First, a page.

Driving over sand dunes could be great fun, but it could also be deeply frustrating. Here are 10 tips to keep you safe
1. Lower inflation pressure. Don't go by time ("a minute and a half") and do not try to assess it visually. Rely only on the air pressure gauge. The inflation pressure should be lowered to 15-12 PSI. Depending on the initial inflation pressure of the vehicle and depending on the sand condition. Sand in winter or after rain is tighter and easier to drive over.
2. Look far and do not stop. The path of progress must be planned and a few steps ahead. Momentum has to be maintained and must not be stopped. Every stop can lead you into a sinking in.
5. How to start driving? In second gear or in "SNOW" mode. With a little gas. If you step on it, the engine will send a lot of power to the tires and they will spin in place and dig the vehicle deep into the sand.
6. How to start (B)? With a straight steering wheel. Starting to drive while turning front wheels sideways means loading more resistance of sand in front of the vehicle.
7. Stuck in the sand? Give up immediately. Almost any attempt to escape by engine power will lead to a deeper sinking. If you get stuck then stop, breathe, relax and in this situation try to think of a solution. Is it possible to retreat? Is there another vehicle that can tow you? Are you alone? The second case is less pleasant. You need to clear the sand under the car's underbody, try to get to the damp and tighter sand, drain more air from the tires and hope for the best.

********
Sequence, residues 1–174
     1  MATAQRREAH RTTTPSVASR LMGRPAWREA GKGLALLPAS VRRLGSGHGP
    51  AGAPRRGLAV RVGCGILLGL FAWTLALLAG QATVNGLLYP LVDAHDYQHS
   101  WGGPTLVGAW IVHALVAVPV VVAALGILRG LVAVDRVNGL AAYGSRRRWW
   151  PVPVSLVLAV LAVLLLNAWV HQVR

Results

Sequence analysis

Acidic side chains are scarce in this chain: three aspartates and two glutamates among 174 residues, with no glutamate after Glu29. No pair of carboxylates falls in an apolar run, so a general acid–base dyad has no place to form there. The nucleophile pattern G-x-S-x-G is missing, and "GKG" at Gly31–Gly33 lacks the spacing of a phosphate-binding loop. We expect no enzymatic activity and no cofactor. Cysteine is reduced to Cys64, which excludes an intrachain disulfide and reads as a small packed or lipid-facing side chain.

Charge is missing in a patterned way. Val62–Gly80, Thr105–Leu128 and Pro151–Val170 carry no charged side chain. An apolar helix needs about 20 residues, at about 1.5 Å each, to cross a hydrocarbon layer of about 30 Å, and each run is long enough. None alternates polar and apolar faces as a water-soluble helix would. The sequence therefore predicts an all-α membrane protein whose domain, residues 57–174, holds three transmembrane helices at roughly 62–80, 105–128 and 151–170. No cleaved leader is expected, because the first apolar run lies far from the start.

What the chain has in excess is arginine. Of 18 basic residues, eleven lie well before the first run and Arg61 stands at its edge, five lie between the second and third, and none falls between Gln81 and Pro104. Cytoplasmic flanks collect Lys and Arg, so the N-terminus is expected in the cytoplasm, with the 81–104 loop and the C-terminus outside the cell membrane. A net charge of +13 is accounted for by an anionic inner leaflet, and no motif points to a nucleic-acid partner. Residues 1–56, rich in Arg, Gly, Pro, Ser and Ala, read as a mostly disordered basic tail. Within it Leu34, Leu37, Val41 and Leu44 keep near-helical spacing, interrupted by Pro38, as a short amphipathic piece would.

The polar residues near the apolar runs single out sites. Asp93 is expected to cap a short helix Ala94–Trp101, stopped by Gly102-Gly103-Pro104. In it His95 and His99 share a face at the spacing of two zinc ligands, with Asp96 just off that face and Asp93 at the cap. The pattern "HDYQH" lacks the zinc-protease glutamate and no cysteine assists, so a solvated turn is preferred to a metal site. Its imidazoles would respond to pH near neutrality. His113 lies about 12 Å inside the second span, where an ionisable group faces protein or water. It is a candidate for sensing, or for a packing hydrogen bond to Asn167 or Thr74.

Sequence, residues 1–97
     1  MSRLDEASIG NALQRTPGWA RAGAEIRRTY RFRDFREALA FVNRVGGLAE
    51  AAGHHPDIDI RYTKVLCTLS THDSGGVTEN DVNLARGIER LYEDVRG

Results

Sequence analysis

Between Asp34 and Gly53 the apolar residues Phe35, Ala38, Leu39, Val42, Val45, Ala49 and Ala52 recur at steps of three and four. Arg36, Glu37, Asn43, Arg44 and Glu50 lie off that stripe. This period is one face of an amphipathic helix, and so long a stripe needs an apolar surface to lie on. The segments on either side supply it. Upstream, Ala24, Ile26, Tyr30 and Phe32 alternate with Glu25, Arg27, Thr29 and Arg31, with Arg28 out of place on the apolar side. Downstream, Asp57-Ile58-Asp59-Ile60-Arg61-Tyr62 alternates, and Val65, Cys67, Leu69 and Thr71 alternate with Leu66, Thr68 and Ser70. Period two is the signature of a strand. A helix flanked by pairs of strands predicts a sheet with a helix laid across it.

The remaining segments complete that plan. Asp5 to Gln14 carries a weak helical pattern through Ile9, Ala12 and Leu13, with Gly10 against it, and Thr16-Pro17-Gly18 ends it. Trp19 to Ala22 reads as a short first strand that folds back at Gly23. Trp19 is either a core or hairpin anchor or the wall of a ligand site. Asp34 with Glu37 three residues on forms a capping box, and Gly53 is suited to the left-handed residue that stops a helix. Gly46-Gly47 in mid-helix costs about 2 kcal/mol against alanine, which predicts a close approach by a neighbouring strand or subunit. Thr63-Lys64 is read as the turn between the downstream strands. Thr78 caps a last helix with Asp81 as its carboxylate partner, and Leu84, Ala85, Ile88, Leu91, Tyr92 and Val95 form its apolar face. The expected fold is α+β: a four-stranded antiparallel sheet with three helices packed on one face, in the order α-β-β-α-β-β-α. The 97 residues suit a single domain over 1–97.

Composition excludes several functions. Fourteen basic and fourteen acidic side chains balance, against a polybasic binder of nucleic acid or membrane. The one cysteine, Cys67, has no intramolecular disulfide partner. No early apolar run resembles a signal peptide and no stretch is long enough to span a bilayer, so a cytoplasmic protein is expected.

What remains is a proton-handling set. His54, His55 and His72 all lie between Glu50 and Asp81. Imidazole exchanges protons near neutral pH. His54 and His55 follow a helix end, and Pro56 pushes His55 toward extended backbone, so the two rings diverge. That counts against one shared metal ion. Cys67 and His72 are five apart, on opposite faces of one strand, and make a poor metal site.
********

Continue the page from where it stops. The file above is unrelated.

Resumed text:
8. And there is the swing method. Go back a little and then a little forward. And again reverse and again forward. Each time a few inches more. (This can be done when the vehicle is down on its underbelly). What does this swing do? It tightens the sand and creates like a surface of airstrip that will allow us to then gain enough speed to get out of the mess safely.
9. Swing Method (B): Get a bunch of strong guys who will come and rock the vehicle from side to side. The swinging momentarily pulls the wheels out of the sand and the wall of the hole collapses a bit to allow the wheels to rise a bit higher on the sand that has collapsed and then - perhaps - there is a chance of getting out.
10. Fuel consumption. Over sand the vehicle drinks up its fuel several times more than the road. Think about it before you hit 40 km in Tze'elim sands. Besides, keep an eye on the thermometer all the time.